During weekly 1-hour “Inspire time” slots in 2020, students at Kuranui College worked with their teachers to explore their own interests. Although the school has an Envirogroup, the opportunity to use allocated school time was vital to this project’s success. It also meant that students beyond the Envirogroup participated.
Survey shows students are interested in taking environmental action
Prior to starting the “Inspire Time” slots, Kuranui College teachers surveyed students to see where their interests lay. A number indicated an interest in environmental projects and in Term 2 2020, teacher Rachel met with the interested students to discuss potential projects. They decided to start with recycling at school. This appealed to Rachel as she had been recycling at school on a small scale herself and could see that a school-wide system was really needed.
Students take the reins
Teacher Rachel facilitated the initial discussions but beyond that the students took the lead. They found out that Kuranui College sends approximately 132 cubic metres of waste to landfill annually, a massive contributor to air and water pollution and taking up valuable space.
The students articulated two main drivers for recycling – to reduce the amount of waste sent to landfill and to reduce greenhouse gas emissions associated with creating new products.
They began by creating their own survey for staff and students and found that there was overwhelming support for the idea.
Students researched several different options for recycling collection. They spoke to Jo Dean, the waste officer for South Wairarapa District Council, and developed a proposal to Mr Fuller, the Kuranui College principal, which involved:
- 1 recycle bin in each of the 35 school classrooms
- Mentor teachers being responsible for organising students to regularly empty paper bins to a location near the bike shed
- Making use of the council kerbside collection
They could get 45 bins free of charge from Paper 4 Trees and they could get extra kerbside recycling bins from the council. They worked out that they should be able to offset any additional costs of new bins with savings in rubbish collection costs. That was enough to convince Mr Fuller the principal, who gave the project the green light.
“It is awesome to see these proactive students have a big idea, prepare a proposal, lead and implement the change they want to make.” – Simon Fuller, Kuranui College Principal
Bringing the school on board
The students designed, printed and attached the labelling for the classroom bins, and independently developed video and slideshow material to launch the new system in mentor classes. Their material included facts about why it was important, what the changes would be and the roles people needed to take on.
One tonne (1000 kilograms) of recycled paper saves:
- 17 trees.
- 25,000 litres of water.
Recycled paper production also uses:
- 65% less energy than raw materials.
- 80% less water than raw materials.
- Less methane and nitrous oxide emissions.
After the new systems had been up and running for a while the team reflected on the project success and their involvement.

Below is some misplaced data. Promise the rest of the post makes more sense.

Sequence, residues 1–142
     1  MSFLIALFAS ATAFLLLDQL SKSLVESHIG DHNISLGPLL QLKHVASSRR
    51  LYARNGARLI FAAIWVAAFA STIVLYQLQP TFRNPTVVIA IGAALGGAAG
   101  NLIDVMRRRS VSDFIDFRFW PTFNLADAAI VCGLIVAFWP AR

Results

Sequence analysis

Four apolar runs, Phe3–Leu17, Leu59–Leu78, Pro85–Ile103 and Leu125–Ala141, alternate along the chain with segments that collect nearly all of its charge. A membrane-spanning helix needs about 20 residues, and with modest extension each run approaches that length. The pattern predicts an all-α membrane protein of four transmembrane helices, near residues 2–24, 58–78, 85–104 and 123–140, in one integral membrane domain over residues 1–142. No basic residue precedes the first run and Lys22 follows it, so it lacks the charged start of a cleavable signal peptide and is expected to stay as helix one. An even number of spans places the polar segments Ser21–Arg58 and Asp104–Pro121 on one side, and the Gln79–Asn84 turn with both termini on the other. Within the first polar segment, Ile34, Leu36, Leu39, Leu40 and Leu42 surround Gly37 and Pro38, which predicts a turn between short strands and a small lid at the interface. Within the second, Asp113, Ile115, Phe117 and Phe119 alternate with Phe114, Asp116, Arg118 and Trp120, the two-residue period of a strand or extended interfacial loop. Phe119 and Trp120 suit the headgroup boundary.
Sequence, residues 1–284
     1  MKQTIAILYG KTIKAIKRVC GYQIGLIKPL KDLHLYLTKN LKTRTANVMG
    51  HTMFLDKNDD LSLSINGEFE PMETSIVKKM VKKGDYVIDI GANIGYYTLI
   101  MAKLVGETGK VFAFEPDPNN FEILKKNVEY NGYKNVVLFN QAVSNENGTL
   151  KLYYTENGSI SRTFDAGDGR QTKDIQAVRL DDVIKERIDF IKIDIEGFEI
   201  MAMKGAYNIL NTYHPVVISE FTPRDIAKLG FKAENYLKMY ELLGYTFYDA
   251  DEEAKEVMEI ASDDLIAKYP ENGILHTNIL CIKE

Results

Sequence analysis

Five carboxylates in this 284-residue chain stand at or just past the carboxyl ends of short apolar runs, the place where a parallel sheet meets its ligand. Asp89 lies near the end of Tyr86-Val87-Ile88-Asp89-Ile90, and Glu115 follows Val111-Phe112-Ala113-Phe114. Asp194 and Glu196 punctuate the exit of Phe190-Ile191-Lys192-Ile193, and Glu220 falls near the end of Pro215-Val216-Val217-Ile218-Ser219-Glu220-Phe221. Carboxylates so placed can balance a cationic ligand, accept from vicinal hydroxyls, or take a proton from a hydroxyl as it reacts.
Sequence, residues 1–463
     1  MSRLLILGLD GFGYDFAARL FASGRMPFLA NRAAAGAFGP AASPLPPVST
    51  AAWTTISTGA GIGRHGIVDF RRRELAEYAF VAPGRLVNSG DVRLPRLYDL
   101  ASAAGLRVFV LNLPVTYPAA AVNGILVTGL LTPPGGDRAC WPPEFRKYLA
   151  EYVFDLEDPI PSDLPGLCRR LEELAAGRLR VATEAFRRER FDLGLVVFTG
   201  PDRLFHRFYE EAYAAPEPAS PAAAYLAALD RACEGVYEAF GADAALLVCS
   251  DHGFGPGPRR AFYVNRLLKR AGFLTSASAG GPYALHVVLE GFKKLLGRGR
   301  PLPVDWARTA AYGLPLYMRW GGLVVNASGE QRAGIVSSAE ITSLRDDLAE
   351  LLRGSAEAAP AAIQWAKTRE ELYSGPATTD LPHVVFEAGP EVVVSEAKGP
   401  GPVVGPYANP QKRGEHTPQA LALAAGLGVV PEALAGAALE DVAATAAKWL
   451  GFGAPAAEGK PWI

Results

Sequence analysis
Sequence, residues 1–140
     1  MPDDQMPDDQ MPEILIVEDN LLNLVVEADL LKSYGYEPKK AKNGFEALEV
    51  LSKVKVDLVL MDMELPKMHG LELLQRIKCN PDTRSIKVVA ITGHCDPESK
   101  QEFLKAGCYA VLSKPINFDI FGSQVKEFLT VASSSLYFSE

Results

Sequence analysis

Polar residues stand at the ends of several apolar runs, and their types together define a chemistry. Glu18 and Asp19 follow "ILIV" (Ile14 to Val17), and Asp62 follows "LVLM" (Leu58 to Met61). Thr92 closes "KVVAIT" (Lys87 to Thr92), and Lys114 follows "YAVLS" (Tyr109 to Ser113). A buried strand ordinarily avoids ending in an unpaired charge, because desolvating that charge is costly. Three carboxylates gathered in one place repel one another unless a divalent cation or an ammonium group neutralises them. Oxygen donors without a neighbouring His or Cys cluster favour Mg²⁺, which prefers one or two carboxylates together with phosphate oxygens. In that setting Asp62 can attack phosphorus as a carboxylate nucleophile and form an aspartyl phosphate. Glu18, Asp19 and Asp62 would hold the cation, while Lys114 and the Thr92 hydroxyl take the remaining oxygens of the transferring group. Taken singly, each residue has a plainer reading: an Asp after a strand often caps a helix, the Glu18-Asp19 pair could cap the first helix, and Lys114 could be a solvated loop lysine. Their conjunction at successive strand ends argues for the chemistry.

Cameron says “It has been good to be involved in something that has made change happen – our time has gone to good use.”
“I am really happy that people care enough and are putting the effort into doing it,” says Ngakau.
Rachel was surprised and pleased by the relative ease with which they were able to implement a new school-wide system. People were mostly very receptive to it and now using the bins is embedded (although getting them emptied in a timely way still continues to be a challenge).
“The hardest part as a teacher was encouraging staff to play their part in encouraging the students to empty the paper bins regularly. This was really important because we didn’t have enough kerbside collection bins to cope if there was a backlog. Despite the challenges we stopped 8.5 tonnes of waste going to the tip last year, saved 68m3 of landfill space and 46.92 tonnes of carbon emissions. And we earned 34 trees from Paper for Trees.”- teacher Rachel
An additional bonus is that the project has promoted discussion among students/staff about other ways they can improve their carbon footprint. Cameron’s mentor class have been discussing riding and biking to school. The staffroom and the food technology room have plastic, glass and paper recycling.
Their principal appreciates the modelling the students have shown and acknowledges Rachel’s support.
“Their whole school recycling system is challenging the thinking and habits of staff and students. They are modelling to the rest of the school community that when you put your mind to it anyone can make transformational change.” – Simon Fuller, Kuranui College Principal
Looking further into 2021 the next stage of the proposal is to add recycling stations in the quad area and bring plastic and metal recycling into school.
Kuranui College became an Enviroschool in 2016 when the principal at the time saw a need for these students coming into the secondary school from feeder primary school Enviroschools to be able to continue to develop their knowledge and passions. The school has an Enviro Club who are keen to extend the work that the Inspire Group have started.
Banner image: The Inspire Recycling Group